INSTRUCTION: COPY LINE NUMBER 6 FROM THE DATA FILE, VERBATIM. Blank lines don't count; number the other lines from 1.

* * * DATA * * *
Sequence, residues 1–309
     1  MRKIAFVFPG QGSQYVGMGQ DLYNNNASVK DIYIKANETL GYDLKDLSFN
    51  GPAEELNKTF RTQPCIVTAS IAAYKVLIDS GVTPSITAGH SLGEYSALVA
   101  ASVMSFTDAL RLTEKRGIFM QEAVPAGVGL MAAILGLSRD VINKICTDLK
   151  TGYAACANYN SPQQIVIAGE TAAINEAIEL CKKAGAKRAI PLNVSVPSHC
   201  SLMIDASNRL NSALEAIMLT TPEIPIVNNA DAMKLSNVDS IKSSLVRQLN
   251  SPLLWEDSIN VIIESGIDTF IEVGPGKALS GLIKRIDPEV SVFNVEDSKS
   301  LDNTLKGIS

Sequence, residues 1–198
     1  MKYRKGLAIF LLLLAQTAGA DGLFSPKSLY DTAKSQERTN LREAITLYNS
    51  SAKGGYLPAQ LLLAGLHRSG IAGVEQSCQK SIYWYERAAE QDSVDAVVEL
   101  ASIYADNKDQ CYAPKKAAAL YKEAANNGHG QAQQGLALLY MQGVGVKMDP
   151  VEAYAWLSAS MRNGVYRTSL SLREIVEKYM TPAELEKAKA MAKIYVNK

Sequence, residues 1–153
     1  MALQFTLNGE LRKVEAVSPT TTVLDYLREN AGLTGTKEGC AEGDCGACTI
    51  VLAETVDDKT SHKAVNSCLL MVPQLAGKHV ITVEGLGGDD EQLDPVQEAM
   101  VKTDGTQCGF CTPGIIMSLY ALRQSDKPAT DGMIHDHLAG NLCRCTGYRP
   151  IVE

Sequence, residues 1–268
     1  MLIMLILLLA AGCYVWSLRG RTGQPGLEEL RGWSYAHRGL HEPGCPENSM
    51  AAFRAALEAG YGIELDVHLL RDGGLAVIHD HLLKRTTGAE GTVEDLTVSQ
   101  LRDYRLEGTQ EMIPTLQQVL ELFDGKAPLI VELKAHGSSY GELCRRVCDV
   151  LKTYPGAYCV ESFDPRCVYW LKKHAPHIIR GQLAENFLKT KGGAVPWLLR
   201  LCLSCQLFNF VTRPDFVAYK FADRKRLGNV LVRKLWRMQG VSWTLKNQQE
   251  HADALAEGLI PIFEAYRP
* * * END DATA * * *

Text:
   201  SLMIDASNRL NSALEAIMLT TPEIPIVNNA DAMKLSNVDS IKSSLVRQLN